Headphone impedance

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fieldframe
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Post 19 Jun 2020

I'm looking at buying a new set of headphones for mixing. I'm considering the Beyerdynamic DT 770 Pro, which is offered in 80-ohm and 250-ohm versions. The Sony MDR-7506 pair that I'm using right now is only 65 ohms, and when I have them plugged into my audio interface, I have to keep the headphone volume knob very low, otherwise the volume is too high for comfort (and safe extended use). This also makes it difficult to adjust, as moving the knob only a small amount changes the volume significantly.

It's been awhile since my physics classes... But higher-impedance headphones should require more current to get the same sound levels, right? So a 250-ohm pair should let me use the interface with the headphones volume set higher, for the same effective volume?
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MrFigg
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Post 19 Jun 2020

Yep. The audio interface is strong enough to drive the 250s. If you want to use them to listen to music on your phone as well though get the 80ohm ones :).

By the way, I’ve got the 770s 80 ohm and there’s no problem with volume from my audio interface with those ones. They’re just easier to drive.
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Boombastix
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Post 19 Jun 2020

Higher impedance means lower distortion typically so it is preferred, but you need a head phone amp to drive them.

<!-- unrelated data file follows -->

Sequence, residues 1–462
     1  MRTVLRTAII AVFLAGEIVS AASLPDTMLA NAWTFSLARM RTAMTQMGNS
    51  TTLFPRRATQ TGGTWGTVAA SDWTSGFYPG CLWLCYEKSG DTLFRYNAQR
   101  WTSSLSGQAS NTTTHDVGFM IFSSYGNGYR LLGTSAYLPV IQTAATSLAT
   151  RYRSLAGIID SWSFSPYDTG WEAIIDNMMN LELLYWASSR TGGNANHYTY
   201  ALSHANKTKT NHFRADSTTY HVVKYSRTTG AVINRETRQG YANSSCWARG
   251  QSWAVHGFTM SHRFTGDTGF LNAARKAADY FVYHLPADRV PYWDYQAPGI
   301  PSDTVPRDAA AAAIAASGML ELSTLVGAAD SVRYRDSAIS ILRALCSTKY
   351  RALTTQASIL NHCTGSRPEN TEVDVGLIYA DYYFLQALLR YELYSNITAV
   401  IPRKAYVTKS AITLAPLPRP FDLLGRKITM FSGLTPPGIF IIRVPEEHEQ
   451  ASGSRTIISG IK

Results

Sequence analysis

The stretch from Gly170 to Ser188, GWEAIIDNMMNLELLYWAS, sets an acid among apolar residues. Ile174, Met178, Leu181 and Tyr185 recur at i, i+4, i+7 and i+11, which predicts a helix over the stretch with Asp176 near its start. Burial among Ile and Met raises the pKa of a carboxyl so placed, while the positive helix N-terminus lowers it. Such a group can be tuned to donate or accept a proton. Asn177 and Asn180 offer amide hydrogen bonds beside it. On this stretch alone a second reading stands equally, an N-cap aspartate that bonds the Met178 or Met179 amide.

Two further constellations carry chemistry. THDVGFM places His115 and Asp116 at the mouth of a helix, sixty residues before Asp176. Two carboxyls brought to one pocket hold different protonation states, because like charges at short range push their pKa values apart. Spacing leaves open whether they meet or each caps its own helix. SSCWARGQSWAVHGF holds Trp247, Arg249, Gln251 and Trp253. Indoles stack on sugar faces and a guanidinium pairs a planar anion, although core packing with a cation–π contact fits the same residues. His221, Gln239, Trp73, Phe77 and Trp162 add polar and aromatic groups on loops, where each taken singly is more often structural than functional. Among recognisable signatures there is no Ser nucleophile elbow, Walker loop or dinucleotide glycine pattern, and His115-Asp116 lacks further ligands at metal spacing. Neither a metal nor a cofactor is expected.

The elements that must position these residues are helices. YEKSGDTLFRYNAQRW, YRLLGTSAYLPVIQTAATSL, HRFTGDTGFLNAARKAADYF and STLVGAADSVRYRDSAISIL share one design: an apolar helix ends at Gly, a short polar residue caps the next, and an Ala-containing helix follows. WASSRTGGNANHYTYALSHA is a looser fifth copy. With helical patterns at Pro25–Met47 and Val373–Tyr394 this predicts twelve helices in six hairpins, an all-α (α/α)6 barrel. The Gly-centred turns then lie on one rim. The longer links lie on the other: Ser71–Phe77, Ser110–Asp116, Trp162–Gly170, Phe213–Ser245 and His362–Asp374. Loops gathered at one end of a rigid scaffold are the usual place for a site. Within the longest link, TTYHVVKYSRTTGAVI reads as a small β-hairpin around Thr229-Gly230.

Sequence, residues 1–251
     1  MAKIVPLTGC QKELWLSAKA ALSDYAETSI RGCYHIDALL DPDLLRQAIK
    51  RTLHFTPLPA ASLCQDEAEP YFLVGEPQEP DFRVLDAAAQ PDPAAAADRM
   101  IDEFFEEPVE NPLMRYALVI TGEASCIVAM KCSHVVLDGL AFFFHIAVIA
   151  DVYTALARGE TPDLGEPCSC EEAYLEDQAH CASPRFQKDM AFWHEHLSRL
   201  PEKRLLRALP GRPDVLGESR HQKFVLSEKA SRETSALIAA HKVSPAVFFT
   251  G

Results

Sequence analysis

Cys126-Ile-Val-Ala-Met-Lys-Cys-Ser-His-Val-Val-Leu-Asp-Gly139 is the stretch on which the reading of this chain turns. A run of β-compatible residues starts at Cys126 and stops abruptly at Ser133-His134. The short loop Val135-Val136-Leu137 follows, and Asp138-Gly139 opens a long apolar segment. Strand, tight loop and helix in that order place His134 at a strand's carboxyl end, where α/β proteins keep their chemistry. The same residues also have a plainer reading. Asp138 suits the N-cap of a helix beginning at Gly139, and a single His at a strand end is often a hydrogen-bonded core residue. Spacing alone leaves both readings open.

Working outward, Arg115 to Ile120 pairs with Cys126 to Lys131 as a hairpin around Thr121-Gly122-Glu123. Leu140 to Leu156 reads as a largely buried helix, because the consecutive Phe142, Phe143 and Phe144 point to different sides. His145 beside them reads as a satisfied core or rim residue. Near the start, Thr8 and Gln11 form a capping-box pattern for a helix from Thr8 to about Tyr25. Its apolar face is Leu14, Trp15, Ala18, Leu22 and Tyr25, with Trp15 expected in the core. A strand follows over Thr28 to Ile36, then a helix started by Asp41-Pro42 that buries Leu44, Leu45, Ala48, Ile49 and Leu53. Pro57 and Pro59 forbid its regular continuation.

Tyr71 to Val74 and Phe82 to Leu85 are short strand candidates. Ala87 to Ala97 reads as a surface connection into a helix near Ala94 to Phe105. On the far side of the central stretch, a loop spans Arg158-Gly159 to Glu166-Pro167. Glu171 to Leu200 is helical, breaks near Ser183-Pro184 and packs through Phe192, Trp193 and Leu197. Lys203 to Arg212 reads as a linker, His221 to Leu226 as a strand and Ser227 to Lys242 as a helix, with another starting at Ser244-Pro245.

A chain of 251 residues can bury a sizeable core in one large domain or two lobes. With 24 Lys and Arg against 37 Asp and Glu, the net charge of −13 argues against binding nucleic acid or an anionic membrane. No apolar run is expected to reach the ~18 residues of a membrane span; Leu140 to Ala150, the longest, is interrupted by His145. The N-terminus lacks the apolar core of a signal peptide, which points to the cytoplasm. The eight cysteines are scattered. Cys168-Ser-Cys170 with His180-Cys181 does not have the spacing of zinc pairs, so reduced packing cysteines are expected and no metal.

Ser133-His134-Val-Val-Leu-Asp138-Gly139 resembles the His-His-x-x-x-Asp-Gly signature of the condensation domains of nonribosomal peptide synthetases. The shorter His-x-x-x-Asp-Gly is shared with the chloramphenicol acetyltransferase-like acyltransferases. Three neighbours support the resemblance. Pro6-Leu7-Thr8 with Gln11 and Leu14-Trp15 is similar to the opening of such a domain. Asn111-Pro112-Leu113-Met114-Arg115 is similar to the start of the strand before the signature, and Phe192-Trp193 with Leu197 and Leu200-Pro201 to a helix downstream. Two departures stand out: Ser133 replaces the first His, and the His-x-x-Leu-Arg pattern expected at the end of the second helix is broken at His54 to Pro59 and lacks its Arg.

So, a 250ohm won't work in a phone, it will be too quiet, so you have low impedance headphones for that, but lower quality sound. Trade offs...
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fieldframe
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Post 20 Jun 2020

Thanks!

It’s interesting that high-impedance doesn’t seem to be all that common, at least among the entry- and mid-level reference headphones I’ve been looking at. The AKG K series is ~60 ohms, and even the Shure SRH1840 falls in that range. The only manufacturers I’m seeing with sets in the 200-300 range are Beyerdynamic and Sennheiser.
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Boombastix
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Post 20 Jun 2020

Good headphone amps cost more to make, so more likely to be found in pro equipment. And entry level stuff needs low impedance, and cater more to users looking for cheaper headphones.
You can see the same diff with XLR vs 1/4" jacks, pro vs consumer level.
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